GOD-STORMING: A Christian Author’s Take on Brainstorming.
☘️ Happy St. Pat’s Day, everyone, and the top of the morning to ya! It’s an honor and a privilege to be back here on Seekerville on one of my favorite days of the year.
And okay … maybe you don’t have to kiss me because I’m Irish, but a giant hug might be in order because—whoo-hoo!—my seventh O’Connor Family novel, A Wing and a Prayer releases next month, April 1! So … I thought St. Patrick’s Day would be an appropriate time to talk about this Irish family saga and how God took it—and me—by storm. Or, more appropriately, by “God-Storming.”
What is “God-storming,” you ask? Well, for some people it may be a last resort, but for this author, it’s the number one way I brainstorm when I run into a wall on my plots. Ahem … just like I did on A Wing and a Prayer. You see, every single one of my O’Connor novels has a twist at the end that hopefully drops a jaw or two. Everyone, that is, except A Wing and a Prayer, and I gotta tell you, it bothered me something fierce.
So, I decided to do a little “God-storming,” which is a mix between brainstorming and praying, accent mark on praying. I’ve done it on all of my O’Connor books, and in every single case, an amazing answer to my dilemma was dropped in my lap like a bolt from the blue.
For example, take my very first novel, A Passion Most Pure. Yes, I was a newbie, no doubt about it—SO green that when my agent labeled my book a “historical,” I actually argued with her, saying, “but I don’t write “historicals, I write romance.”
Let’s pause here for a moment of silent prayer on behalf of my agent Natasha Kern.
Sigh. Yes, I really was that green. An author who actually didn’t consider the historical aspect of my story as important as the emotional tug-of-war between the hero and heroine. I mean, come on, everybody knows the most important thing is WHAT happens in the story, not WHEN it happens, right?
Uh, wrong.That misconception almost derailed my plot for my debut novel, A Passion Most Pure with a HUGE research blunder that got past me, my critique partners, proofreaders, and my editor. You see, the first half of APMP takes place in Boston, and when WWI breaks out, the 2nd half of the book shifts to Dublin, Ireland. It was essential to the plot that the O’Connor women and children travel to Ireland mid-book, but during 1916, the only way to do that was by ship. No problemo—I simply plopped them all on a comfy-cozy passenger ship.
Beep, beep … back the truck up … or in this case, the passenger ship!
“No can do,” says my editor, whose husband just happened to be—what are the odds?—an Irish historian! He innocently pointed out to his wife that the O’Connors traveling on a ship to Ireland during World War I would not have been feasible as passenger ships at that time were commandeered for war. Not to mention the annoying fact that German U-boat warfare made it too dangerous for ship travel. Double sigh.
So, what did I do when my editor called me with the dilemma?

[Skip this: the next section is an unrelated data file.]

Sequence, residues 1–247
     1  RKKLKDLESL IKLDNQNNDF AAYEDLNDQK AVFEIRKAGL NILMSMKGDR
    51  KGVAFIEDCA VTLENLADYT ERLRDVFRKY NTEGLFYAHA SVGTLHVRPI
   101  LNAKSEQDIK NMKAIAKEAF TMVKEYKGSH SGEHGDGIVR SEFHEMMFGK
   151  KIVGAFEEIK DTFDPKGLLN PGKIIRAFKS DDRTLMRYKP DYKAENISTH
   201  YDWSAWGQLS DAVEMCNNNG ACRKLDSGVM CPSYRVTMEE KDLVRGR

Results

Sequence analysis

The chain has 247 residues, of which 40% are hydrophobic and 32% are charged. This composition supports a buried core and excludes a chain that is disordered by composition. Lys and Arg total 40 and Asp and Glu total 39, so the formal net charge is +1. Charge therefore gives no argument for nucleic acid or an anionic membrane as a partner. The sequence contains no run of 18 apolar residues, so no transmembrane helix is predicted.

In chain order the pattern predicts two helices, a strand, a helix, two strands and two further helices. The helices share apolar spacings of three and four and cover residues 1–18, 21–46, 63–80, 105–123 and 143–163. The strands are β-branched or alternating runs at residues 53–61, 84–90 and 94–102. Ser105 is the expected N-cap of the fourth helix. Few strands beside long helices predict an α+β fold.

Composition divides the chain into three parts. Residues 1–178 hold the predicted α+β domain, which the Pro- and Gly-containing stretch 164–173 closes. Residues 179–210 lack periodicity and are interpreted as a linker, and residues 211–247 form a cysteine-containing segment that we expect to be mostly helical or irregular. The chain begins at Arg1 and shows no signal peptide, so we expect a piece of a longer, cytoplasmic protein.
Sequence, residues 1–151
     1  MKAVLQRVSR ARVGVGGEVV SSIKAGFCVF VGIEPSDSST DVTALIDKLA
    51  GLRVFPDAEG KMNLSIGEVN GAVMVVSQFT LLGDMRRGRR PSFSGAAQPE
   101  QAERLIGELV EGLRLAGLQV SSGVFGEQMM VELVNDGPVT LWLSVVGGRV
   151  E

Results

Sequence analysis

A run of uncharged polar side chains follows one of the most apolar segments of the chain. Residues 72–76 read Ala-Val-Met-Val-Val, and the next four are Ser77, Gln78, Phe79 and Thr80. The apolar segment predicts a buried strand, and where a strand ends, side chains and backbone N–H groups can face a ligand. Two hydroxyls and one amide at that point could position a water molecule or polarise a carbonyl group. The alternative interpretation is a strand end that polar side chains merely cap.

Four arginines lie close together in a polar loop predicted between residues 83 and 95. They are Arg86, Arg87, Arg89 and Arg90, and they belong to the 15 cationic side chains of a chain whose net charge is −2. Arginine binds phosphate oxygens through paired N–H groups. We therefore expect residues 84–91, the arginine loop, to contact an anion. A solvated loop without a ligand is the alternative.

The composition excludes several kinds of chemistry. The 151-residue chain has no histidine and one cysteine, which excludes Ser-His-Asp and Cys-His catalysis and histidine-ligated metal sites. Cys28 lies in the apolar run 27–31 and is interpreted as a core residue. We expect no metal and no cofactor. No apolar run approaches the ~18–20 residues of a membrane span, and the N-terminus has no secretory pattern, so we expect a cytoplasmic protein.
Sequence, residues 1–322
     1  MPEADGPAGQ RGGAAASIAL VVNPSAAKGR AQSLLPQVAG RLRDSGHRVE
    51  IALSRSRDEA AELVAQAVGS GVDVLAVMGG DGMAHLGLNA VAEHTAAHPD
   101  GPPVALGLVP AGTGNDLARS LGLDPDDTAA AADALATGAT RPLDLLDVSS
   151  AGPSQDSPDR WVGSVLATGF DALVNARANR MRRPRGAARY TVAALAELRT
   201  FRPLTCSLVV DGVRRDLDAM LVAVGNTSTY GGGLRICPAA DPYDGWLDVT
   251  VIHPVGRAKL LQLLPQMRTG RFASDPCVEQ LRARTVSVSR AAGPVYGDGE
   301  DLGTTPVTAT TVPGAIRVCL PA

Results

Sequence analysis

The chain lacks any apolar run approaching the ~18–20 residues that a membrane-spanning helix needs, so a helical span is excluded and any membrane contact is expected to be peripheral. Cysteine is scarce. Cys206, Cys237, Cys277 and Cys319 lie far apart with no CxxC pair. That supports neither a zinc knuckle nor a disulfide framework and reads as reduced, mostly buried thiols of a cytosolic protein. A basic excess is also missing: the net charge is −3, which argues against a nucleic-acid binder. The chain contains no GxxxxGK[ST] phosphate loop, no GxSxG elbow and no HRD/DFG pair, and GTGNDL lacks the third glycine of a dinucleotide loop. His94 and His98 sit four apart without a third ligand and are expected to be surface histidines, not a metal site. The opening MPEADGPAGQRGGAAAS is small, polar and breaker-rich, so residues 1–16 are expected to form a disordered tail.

I had a meltdown. Cried for days. Walked around in a fog. Then frantically began researching other destinations (other than Europe) that the O’Connors could possibly travel to via ship. Consequently, I was a basket case, not only because of the MAJOR research and rewrites looming mere months from release date, but because I had fallen in love with Dublin, and mourned it’s potential loss.
GOD TO THE RESCUE!
“Pray for a simple solution,” came the thought one day after I’d spent hours and hours laboring over daunting research.
Oh. What a novel idea for a Christian author!So I did. And guess what? Out of the blue, an old friend called me for lunch, and when I told her my dilemma, she squinted at me and said, “You know … I just read something recently about the introduction of the freighter convoy system during WWI, which greatly reduced the likelihood of being sunk by a German U-boats.” Excuse me?? I remember just blinking at her, jaw dangling while the wheels turned in my head, heart bursting with gratitude. Because by adding a freighter convoy, a menopausal wife having a breakdown because her grandmother is dying in Dublin, and a cousin in the freighter business, my massive plot rewrites/research dwindled down to two measly paragraphs—count ‘em, two!—added to make that book historically accurate.
WOW … who knew?? Well, God apparently, because He masterminded the lunch with my resourceful friend who just happened to have read an article on freighter convoys during WWI. I mean again, seriously, what are the odds?
Another brick wall I hit was on A Hope Undaunted, a real doozy that reduced me to tears, rants, and a black hole for almost a week. It took me nine months to write that book and it’s my absolute favorite, so I was really excited. Instead of popping the huge surprise at the end of the book like I did in the prior three novels, I pulled the old grenade pin mid-book, blowing up both my hero and heroine’s future together and, hopefully, the reader’s mind as well. Unfortunately, my editor tossed her grenade first, demolishing my plot so completely, a total rewrite/replotting appeared to be in store.
That night my husband held me while I sobbed in his arms. “We’ll just pray about it, Julie,” he said softly, “and God will get you through this, babe—He always does.”
“No, you don’t understand,” I wailed, lunging away to lay prostrate on a soggy pillow, “the heart and soul of my plot has been destroyed, and now I have to start over, coming up with a whole new book!”
Oh ye of little faith.
So, yes, we prayed and God showed up carrying a few grenades of His own. Talk about a wall-crumbler! One minute my editor is talking total plot rewrite, and the next she’s saying, “You know … what if we just shift things a bit, deleting your main twist component—a component she patiently explained I could not do in Christian romance—making it vague enough that the shock value was still in effect?”
Say what? I blinked. Squinted. Caught my breath. A slow smile curved. Oh. My. Goodness! One minor shift, and the entire plot remains intact with nothing more than a few line revisions. WOW—from total rewrite to total peace for my editor and me in a blink of a prayer!